Likewise, without the room to explore their motivations, many minor characters come off as one-dimensional strawmen, whereas their reasoning and motives, whilst usually misguided, were actually grounded in some kind of reasoning or principle in both the OVA and novels. The worst example is Maximillion von Kastrop, who in the original OVA punches a couple of subordinates towards the end when his impending defeat becomes clear, and only when at wits' end. Here, he is characterized entirely by punching everybody who speaks.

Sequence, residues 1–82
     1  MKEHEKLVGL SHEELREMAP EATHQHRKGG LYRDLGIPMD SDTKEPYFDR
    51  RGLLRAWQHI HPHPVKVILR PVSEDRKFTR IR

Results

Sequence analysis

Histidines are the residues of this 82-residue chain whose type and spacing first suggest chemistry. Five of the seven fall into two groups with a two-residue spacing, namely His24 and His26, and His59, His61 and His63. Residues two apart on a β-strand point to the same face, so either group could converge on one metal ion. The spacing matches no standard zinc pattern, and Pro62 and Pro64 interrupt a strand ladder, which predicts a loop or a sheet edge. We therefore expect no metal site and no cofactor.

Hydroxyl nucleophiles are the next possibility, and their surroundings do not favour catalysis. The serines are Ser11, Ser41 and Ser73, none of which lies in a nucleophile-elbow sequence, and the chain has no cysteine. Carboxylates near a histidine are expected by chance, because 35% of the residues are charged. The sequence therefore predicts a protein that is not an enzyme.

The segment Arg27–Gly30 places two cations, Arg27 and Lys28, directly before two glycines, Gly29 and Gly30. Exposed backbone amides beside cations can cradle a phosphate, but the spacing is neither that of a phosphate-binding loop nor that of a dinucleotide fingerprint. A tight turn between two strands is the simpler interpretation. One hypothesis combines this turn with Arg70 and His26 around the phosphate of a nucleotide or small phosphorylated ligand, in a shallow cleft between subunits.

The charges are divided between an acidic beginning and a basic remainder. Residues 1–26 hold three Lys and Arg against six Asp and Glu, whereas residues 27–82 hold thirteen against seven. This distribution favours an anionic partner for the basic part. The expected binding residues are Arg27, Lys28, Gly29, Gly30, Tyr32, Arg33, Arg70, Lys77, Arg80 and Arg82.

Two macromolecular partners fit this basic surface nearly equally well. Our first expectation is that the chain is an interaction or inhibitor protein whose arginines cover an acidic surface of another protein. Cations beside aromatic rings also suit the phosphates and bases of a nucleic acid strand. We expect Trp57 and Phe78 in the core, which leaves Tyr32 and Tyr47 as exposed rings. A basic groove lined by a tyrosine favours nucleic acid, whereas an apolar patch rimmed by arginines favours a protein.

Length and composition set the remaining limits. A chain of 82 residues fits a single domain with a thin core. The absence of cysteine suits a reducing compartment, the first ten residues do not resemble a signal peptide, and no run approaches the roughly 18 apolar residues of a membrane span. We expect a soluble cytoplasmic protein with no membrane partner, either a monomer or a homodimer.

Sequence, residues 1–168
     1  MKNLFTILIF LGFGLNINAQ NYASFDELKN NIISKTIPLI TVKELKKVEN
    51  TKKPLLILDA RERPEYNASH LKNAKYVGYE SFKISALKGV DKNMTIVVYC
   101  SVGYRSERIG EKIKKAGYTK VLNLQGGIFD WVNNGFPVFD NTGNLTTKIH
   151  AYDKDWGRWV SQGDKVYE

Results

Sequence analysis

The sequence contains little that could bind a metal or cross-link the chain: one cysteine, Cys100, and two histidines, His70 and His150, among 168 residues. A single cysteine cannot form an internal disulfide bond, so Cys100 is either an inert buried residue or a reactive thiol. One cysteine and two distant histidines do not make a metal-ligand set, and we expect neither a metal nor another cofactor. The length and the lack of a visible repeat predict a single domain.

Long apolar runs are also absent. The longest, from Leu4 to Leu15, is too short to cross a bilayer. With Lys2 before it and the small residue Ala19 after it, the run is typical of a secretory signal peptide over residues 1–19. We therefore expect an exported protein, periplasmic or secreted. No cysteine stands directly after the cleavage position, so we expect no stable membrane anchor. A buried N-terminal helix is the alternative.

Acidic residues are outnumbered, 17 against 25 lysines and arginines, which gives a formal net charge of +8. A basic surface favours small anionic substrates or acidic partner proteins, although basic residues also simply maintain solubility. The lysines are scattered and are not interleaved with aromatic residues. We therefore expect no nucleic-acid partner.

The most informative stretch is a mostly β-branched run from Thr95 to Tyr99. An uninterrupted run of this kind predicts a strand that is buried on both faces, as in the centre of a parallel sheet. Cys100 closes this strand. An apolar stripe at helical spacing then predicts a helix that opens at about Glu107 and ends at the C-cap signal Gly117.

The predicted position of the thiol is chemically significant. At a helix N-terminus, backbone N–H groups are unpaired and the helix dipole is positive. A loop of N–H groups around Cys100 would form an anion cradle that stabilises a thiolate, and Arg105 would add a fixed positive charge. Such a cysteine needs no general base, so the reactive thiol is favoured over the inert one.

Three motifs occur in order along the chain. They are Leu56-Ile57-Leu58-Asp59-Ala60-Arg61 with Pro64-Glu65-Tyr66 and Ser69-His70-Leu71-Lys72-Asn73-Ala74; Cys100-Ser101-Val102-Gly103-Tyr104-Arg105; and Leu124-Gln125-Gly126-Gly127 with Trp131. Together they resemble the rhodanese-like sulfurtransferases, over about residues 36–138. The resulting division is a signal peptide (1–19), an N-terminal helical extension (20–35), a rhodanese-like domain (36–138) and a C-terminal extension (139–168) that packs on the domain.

Aesthetically, the overall design of the FPA and the Empire's societies and uniforms are excellent, sticking close to the design of the original series, and showing a clear divide between the European-styled aristocracy of the Empire and the modern metropolis of the FPA. The ships are similarly well-designed, with a mechanical, utilitarian feel to them that suits their role. By contrast to the rest of the series' design, the much-maligned character designs stick out like a sore thumb. There is a very shallow variation in the character faces, and whilst not quite samefaced, it would be hard to tell most characters apart by face alone. This would not be worth comment in most series, but in Legend of the Galactic Heroes this presents a unique problem. To compensate for the similarity in faces, focus was put into giving the characters unique hair, as this was not possible with character costumes due to 95% of the cast being in uniform. The problem is that this leads to many of the characters having very over-the-top and elaborate hairstyles that are unfitting of military personnel who doubtlessly do not spend an hour every morning fixing their hair up. It's a distracting feature that breaks the immersion of a series otherwise grounded in realism (It is also worth noting that the original series managed to give most of the cast distinctive hair without the need to overly stylize any of it). Similarly, many characters appearances are otherwise ill-fit to their lifestyle and personality, such as Fahrenheit and Schenkopf.